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Property Led Regeneration

Page history last edited by catrin treanor 4 years, 1 month ago

 Property-led regeneration schemes

 

: for Ref: London Boroughs map

 

WATCH - BBC video

 

 

Use this information as a starting point to your research.

Create your case study of a Property-Led Regeneration Scheme: The London Docklands:

 

1. When and why did the Doclkands decline?

2. Describe the characteristics of this decline (e.g environmentally, socially, economically - use some case study detail too)

3. What is an Urban Development Corporation? and give and overview of their advantages and criticisms. (see the Geofactsheet)

4. Create a table of the positive and negative outcomes of the LDDC Regeneration of the Docklands - note how you can categorise the information too (social, economic, environmental)

5.Write an EVALUATION of this property-led regeneration project. (use the evidence from your table).

 

Urban Development Corporations - e.g. London Docklands - an overview here.   Watch this too!

 

London's Docklands were once the world's largest port -  from St Katharine's near the Tower of London down to Barking and including the Surrey Commercial Docks, the East and West India Docks and the Royal Docks. The docks steadily closed from 1967 onwards in part because larger ships could no longer access the port. Associated industries including transport and food processing also declined.  East London lost around 150,000 jobs between 1966 and 1976 alone - 20% of
the workforce. By 1981 just 3,000 people were employed by the port.

 

During the 1980s the London Docklands Development Corporation (LDDC) was established and  the Isle of Dogs was made an Enterprise Zone. The aim was to offer incentives to try to attract businesses and developers to the area. New transport initiatives were developed to help attract businesses - the Docklands Light Railway and London City Airport.  The development of Canary Wharf, which was once  a cargo warehouse, began in 1988.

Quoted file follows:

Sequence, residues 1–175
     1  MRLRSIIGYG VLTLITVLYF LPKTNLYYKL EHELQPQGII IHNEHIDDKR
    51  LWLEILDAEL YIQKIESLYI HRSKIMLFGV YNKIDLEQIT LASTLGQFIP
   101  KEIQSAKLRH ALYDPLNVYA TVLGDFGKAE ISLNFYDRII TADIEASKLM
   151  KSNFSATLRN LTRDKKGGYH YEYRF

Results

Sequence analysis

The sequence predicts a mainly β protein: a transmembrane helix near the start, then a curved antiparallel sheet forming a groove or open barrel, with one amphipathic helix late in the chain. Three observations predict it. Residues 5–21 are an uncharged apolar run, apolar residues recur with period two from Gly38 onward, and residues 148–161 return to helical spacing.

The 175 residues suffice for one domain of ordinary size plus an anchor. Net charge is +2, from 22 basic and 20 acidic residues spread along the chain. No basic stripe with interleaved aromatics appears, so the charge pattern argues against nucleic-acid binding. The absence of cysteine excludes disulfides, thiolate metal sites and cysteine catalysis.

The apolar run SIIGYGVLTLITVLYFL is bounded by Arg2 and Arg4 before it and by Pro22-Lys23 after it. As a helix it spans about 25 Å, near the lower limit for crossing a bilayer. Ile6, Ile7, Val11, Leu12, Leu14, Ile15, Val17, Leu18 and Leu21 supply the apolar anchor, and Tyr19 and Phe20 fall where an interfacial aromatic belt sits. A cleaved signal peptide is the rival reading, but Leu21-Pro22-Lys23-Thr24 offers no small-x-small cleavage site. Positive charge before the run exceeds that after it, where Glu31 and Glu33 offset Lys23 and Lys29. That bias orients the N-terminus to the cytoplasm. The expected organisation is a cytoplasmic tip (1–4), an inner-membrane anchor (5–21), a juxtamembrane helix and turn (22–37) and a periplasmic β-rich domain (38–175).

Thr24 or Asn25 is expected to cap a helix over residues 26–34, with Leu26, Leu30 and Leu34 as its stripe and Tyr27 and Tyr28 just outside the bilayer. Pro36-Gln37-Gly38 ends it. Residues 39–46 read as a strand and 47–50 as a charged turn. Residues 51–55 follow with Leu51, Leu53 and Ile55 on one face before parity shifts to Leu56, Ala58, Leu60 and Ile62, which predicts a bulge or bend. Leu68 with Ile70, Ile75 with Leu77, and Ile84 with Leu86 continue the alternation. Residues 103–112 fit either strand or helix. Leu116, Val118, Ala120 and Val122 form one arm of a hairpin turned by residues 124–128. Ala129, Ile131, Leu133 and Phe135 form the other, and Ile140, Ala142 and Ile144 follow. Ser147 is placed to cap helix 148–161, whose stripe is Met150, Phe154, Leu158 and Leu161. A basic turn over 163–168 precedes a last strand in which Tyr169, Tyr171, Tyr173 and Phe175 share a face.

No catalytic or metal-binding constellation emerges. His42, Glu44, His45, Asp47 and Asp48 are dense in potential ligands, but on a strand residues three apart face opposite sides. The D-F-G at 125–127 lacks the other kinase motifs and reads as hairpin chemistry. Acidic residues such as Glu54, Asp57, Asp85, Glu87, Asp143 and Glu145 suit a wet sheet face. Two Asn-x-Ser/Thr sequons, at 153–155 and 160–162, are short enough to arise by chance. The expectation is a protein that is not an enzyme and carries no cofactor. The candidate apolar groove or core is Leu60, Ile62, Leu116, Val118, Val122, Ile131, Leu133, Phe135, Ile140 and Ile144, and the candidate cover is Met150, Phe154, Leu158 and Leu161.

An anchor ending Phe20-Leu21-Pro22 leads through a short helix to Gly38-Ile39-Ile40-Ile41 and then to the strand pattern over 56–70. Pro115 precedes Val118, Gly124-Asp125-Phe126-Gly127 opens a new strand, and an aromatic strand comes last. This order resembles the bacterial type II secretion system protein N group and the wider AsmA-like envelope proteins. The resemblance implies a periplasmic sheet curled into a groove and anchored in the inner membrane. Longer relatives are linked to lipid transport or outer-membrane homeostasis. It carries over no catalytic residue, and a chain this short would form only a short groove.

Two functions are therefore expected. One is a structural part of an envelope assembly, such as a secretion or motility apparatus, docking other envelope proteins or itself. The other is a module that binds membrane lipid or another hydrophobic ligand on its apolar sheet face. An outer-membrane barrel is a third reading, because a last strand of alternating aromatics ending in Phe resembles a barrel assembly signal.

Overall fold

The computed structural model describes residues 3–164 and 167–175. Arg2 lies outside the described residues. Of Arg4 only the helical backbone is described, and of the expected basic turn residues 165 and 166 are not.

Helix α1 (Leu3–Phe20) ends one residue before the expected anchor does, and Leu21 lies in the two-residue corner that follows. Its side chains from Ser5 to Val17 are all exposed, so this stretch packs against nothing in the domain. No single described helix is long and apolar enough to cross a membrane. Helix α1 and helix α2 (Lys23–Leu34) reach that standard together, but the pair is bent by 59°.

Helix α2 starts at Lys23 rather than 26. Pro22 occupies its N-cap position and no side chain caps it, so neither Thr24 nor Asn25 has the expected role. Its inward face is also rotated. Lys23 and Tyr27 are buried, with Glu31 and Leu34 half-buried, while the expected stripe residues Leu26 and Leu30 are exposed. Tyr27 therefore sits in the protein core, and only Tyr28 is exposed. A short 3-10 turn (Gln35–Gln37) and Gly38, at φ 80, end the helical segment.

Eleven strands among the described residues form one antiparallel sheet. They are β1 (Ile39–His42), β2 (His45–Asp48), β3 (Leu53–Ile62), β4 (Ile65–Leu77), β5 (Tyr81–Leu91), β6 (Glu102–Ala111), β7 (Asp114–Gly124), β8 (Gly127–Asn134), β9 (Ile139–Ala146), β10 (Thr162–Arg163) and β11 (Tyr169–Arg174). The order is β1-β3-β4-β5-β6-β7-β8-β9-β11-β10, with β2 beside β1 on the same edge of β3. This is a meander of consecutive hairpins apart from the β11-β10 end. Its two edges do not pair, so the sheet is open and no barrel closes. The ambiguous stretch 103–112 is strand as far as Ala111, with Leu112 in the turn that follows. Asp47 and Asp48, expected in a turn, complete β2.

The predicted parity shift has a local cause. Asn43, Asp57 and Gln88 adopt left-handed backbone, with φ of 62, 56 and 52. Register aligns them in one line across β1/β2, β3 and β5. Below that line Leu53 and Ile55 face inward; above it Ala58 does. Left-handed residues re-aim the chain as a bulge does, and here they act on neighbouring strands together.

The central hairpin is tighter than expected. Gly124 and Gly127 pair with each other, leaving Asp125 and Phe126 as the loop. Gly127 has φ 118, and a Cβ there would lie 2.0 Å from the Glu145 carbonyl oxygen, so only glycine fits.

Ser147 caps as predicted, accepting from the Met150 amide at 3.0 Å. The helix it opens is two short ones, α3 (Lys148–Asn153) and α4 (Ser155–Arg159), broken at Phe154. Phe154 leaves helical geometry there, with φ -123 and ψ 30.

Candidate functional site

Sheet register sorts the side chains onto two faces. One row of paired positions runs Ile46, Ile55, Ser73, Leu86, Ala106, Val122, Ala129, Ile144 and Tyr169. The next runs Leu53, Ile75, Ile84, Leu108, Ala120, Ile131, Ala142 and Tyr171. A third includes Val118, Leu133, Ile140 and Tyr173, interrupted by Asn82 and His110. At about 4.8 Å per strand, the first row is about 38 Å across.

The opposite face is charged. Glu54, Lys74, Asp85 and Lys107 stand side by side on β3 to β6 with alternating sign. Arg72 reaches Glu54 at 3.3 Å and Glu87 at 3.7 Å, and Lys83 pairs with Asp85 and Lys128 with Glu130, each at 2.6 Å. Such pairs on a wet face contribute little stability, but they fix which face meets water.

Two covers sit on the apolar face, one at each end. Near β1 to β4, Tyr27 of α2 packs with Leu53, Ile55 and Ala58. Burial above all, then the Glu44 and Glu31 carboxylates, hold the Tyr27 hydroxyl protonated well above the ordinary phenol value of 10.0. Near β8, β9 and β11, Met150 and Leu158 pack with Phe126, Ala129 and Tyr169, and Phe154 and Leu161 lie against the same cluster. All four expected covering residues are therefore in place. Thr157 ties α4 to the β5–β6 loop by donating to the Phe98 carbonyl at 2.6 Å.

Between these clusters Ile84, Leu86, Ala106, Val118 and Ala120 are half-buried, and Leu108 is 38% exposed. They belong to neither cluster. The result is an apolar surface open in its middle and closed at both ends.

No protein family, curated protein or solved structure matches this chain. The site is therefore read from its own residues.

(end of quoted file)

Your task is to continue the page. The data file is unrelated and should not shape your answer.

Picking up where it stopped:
Canary Wharf plc

Canary Wharf’s 35 completed buildings create an instantly recognisable London skyline attracting some of the world’s greatest companies. More than 100,000 jobs draw in high value employees from all over the globe, including from right here on the doorstep in London’s Tower Hamlets.
Its three malls – with more than 280 shops, cafes, bars and restaurants – are shared by the world’s leading luxury brands.

There are also more than 100 performing arts and events every year and there are more than 60 works of art by 45 artists and designers on public display.

Buildings however, are only part of a community and a fifth of Canary Wharf’s 97 acres have been recreated as landscaped parks, fountains, tree-lined plazas and walkways, overseen by CWML which also manages the site’s four million square feet of offices, and nearly 700,000 square feet of retail space.

With more than 1,000 oaks, silver limes, horse chestnuts and London planes, plus 70,000 seasonal plantings every year, Canary Wharf is one of the capital’s greenest sites where buildings and nature share this huge space on a human scale.

 

In 2012, Docklands finally overtook the City district to become the highest-ranked employment zone for financial services in London

 

One Canada Square

 

London City Airport

 

A detailed overview of the regeneration here 

 

 

The LDDC

 

The regeneration continues - Canary Wharf spreads east.

 

London Docklands - 30 years on - Log in to read this http://www.rgs.org/OurWork/Schools/School+Members+Area/Urbanisation+migration+and+society/London+Docklands+30.htm

 

 

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